The framework that the administration is considering focuses on access, affordability and outcomes, but not academic quality, said Carol Geary Schneider, head of the Association of American Colleges and Universities, which represents more than 1,300 liberal-arts schools. She was among a group of education leaders briefed on the plan Thursday.

“The public will assume a college-ratings system is telling them something about quality, and in fact, by design, the metrics will tell you something about affordability; something about low-income students attending this institution; and something about employment prospects afterwards. Period,” she said. “It is fundamentally misleading.”

To be sure, post-graduation employment is a good metric, but it is not nearly as easy to predict or measure as the government makes it sound. In addition, along the way the government will continue saddling students with debt.

Why the focus on cash handouts and bubble inflation instead of educational quality? Because it’s easy. Fixing what ails American education would be a complex process, and it requires serious examination of the classroom environment. It’s much easier for Bad Santa to show up with wads of cash held together by red tape and with ever more strings attached.

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Europe Is Losing Its Soul

Last week the Wall Street Journal carried a fascinating piece about the uses European countries are finding for all their empty churches. Naftali Bendavid’s account of how historic church buildings are being transformed into skate parks, boutiques, and even a Frankenstein-themed bar may sound like an obscure and marginal story, but it actually points to a far more significant phenomenon of European secularization. This loss of religious belief is being accompanied by—and is intrinsically linked to—a similar loss of belief in national identity and even the liberal values that were once a core part of what Europe stood for. And as Europe descends into the quagmire of a post-identity relativism, its actions on the world stage will become increasingly problematic.

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Last week the Wall Street Journal carried a fascinating piece about the uses European countries are finding for all their empty churches. Naftali Bendavid’s account of how historic church buildings are being transformed into skate parks, boutiques, and even a Frankenstein-themed bar may sound like an obscure and marginal story, but it actually points to a far more significant phenomenon of European secularization. This loss of religious belief is being accompanied by—and is intrinsically linked to—a similar loss of belief in national identity and even the liberal values that were once a core part of what Europe stood for. And as Europe descends into the quagmire of a post-identity relativism, its actions on the world stage will become increasingly problematic.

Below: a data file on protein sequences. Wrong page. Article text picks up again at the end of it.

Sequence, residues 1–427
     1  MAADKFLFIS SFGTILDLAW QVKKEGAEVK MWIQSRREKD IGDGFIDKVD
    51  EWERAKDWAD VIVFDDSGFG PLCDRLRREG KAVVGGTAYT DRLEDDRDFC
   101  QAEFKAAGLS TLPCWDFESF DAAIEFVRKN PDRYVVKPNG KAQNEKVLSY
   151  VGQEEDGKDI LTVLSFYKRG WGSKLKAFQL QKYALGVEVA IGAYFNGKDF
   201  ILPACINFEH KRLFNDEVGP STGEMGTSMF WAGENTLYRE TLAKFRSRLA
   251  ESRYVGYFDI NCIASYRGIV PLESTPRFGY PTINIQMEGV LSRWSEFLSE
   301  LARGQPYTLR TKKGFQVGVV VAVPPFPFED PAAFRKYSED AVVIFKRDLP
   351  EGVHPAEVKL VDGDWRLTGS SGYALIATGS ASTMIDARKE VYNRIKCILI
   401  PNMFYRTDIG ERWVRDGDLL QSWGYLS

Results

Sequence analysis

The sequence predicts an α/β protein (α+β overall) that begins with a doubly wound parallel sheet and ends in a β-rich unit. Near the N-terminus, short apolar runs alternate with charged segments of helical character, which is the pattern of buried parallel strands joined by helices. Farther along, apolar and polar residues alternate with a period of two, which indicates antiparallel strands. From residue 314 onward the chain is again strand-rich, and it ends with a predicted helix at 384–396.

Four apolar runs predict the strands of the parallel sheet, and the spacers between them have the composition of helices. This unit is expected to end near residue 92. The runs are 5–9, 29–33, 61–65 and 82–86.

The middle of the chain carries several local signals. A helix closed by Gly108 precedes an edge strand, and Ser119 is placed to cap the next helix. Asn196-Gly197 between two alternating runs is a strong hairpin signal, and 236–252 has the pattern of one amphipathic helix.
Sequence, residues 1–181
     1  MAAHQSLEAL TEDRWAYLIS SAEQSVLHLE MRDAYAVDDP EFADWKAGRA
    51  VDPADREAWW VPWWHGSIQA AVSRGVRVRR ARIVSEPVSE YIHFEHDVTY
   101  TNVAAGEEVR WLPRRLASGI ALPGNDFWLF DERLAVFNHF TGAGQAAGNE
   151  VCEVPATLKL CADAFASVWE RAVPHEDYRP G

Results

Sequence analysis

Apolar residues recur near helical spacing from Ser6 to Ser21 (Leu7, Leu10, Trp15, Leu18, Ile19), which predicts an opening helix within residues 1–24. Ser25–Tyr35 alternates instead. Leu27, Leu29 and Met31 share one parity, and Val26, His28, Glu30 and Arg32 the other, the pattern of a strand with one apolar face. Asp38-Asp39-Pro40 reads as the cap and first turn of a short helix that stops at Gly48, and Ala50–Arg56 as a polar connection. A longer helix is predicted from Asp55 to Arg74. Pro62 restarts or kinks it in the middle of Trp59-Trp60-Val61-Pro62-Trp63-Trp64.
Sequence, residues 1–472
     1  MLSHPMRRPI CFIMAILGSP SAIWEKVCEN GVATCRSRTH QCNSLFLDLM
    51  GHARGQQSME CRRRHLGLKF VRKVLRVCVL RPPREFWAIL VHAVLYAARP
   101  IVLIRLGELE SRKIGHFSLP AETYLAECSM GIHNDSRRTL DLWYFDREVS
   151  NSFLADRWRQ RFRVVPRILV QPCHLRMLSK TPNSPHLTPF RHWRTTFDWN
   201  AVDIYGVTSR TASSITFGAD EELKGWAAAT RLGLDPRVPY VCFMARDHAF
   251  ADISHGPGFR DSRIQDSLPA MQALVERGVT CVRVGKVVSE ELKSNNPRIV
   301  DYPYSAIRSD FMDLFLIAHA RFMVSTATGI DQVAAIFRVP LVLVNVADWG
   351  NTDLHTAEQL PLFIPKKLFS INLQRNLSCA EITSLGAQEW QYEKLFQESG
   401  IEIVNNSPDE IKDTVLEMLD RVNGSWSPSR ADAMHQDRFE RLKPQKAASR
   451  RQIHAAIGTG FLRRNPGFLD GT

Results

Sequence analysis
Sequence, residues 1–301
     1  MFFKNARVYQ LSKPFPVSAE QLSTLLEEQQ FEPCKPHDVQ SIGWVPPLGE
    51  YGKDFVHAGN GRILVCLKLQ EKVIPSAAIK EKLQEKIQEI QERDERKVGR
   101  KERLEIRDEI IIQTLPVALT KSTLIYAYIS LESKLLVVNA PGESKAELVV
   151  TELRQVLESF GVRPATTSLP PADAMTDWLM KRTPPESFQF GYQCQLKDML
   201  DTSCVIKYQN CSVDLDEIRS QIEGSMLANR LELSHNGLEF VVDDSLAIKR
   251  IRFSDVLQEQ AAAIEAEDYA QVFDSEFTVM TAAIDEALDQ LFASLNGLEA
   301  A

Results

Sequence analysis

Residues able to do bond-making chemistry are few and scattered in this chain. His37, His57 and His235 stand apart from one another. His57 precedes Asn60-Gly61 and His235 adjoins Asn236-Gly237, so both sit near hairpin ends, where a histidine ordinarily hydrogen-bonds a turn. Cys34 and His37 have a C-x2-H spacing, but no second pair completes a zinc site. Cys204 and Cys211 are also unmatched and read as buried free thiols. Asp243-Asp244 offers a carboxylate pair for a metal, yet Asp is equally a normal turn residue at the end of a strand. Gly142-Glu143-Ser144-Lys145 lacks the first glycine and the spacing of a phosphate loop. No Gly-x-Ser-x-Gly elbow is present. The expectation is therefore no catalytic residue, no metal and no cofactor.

As the Wall Street Journal piece explains, the growing number of unused churches are the fallout of a collapse in the number if Europeans affiliating with Christianity. So for instance in Holland, where 1,600 Roman Catholic churches are expected to be out of use within a decade, as will be 700 protestant churches within four years, 42 percent of the population is unaffiliated with any religion. Of those who are Christian, just 30 percent regularly attend church. In Germany, where some 515 Catholic churches have closed in the past ten years, almost 25 percent of the population is unaffiliated, and just over 10 percent of Christians regularly attend church. In Scandinavian countries religion is even more peripheral. A 2008 Gallup poll found that for 83 percent of Swedes, religion does not occupy an important place in their lives. And in Denmark, where 200 churches have been deemed nonviable, only around 6 percent of Christians attend church regularly.